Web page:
Regardless of whether you classify Black Light Syndrome as instrumental rock or progressive rock, I think you'll find it hard to deny that something wonderful happened when these three musicians entered the studio together."

This is another example of the musicians going into the studio with very little rehearsing and very little time. Four days to be truthful,but we'll let the product speak for itself.

The project started as an idea between Bozzio and Magna Carta's Pete Morticelli. Steve Stevens was suggested by Terry's wife and, as usual, Tony Levin was first choice but was never really considered an option due to his busy schedule.

Terry Bozzio was a name that I had heard of in the music scene but had never heard any of his work. I didn't know what I was missing! He is able to play the fastest and freakest fills / solos I ever heard on any album. Check out the fills in "Chaos/Control" or "Dark Corners"! He has jumped from just a name to one of my favorite drummers. He is up there with the likes of Steve Gadd, Mike Portnoy, Neil Peart, Tim Alexander, etc. This whole album is a highlight of his talent and ability to play many types of musical styles. Also I would like to point out the greatest symbol sound I have heard,I'm not sure if it's the recording or the symbols themselves but I love it!

Tony Levin. What can be said of this guy that hasn't been said a hundred times already? He is the most innovative and diverse bass player I can think of. His master of the instrument has put him on everybody's favorite bass player list. On this album he uses both the bass and the chapman stick,which adds to the diversity of sound on the album. He even uses some distorted bass on "Dark Corners"! I guess the only thing to say he has once again been able to lay a solid foundation will doing some of the coolest lines in the world.

Steve Stevens was the only name that I had doubts about. I was only aware of his playing with Billy Idol and Michael Jackson, which disturbed me a little. I never thought of Steve as an experimental or progressive guitar player but once again I have been pleasently surprised by this album and found that Steve was a good choice for the album. His guitar was quite subdued at times just playing a melody that was perfect to the song, for example "The Sun Road." On the other side I find his use of effects and the whammy bar to be a bit extreme. My highlight of his playing is the acoustic guitar on such tracks as "Duende."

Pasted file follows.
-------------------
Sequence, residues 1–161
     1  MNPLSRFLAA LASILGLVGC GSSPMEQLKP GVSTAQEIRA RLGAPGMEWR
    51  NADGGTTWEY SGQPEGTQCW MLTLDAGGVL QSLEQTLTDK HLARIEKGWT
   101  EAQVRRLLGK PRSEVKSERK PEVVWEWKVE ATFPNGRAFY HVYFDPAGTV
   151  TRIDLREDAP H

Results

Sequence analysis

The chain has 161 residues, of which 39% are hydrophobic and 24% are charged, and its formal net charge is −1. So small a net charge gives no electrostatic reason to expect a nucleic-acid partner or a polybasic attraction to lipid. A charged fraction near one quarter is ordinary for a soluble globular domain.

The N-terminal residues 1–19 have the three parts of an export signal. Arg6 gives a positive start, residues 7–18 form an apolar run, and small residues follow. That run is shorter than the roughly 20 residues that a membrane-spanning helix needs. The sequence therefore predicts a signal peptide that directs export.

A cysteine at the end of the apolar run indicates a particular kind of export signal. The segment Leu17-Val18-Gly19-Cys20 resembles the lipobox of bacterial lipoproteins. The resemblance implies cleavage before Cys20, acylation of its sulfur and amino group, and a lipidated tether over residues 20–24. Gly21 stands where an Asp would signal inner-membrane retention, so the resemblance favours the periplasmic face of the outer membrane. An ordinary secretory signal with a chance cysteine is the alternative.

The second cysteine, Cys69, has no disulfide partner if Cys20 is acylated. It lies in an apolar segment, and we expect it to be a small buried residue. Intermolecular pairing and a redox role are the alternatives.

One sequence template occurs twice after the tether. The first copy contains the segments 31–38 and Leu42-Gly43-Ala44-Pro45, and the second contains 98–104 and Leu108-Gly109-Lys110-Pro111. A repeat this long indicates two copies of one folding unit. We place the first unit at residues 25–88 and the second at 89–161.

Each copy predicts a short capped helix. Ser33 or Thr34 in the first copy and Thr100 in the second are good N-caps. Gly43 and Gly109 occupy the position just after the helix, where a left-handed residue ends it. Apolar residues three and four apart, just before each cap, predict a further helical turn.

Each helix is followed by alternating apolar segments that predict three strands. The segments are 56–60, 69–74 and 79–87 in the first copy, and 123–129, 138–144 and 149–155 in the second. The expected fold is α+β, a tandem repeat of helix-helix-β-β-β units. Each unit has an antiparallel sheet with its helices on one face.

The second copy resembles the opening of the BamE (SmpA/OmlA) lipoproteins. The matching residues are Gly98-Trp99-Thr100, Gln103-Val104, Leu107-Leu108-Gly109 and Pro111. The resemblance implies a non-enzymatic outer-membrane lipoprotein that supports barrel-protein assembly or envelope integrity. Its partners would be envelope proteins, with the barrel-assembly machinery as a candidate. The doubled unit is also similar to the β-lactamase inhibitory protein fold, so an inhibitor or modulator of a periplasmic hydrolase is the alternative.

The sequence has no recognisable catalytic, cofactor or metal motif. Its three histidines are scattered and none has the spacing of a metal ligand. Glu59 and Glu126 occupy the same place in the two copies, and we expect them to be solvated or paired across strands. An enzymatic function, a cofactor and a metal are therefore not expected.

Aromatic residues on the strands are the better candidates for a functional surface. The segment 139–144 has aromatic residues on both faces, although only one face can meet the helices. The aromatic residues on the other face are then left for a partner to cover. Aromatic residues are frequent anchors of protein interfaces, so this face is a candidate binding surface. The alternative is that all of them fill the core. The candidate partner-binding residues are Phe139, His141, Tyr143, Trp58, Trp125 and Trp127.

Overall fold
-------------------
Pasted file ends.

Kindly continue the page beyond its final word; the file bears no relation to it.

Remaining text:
Overall this album has no problems becoming one of my favorite of the Magna Carta label. It gives each instrument / player their own space to explore. I would have no reservations recommending this album to any progressive fan.

...essentially it is a perfect melding of jazz, progressive rock, ambient and just plain jamming that has anovertly '90s feel. This is best exemplified in the stunning, near 15-minute opener "The Sun Road," which highlights all the band's strengths as it begins a melodic fusion-like number and builds in intensity with thunderous percussion and brilliant guitar work that includes some eerie electric leads and fluid flamenco acoustic fills. "Duende" finds each band member playing off the other in this exotic and melodic piece.

Stevens again shines with his flowing acoustic playing. Better still is the brilliant title cut with its tougher textures and slightly Hendrix-like soloing. This really is an exceptional and original album by three musicians who seem to have a good musical empathy and may prove to be the power trio of the decade.

Track listing

All songs written and composed by Terry Bozzio, Tony Levin and Steve Stevens.

1.     "The Sun Road"       14:39
2.     "Dark Corners"       8:32
3.     "Duende"       7:26
4.     "Black Light Syndrome"       8:45
5.     "Falling in Circles"       9:08
6.     "Book of Hours"       9:42
7.     "Chaos/Control"       8:48

Total length:


    Steve Stevens – guitar, production
    Tony Levin – Chapman stick, bass, production
    Terry Bozzio – drums, production



  2. Hi thank you for sharing this very good album
    If you want to enjoy the genius of Steve Stevens try the album "Steve Stevens - Memory Crash - 2008"
    he is very brilliant and underrated
    - a fan of your blog from Tunisia!

  3. Hola Amigo: me gusta mucho tu blog, tiene cosas muy interesantes, lo unico que tengo para criticar es que no tienes para compartir, soy un apasionado de la musica y me gusta compartir con quienes no tienen la posibilidad de conseguir muchas cosas raras como las llamamos nosotros, un abrazo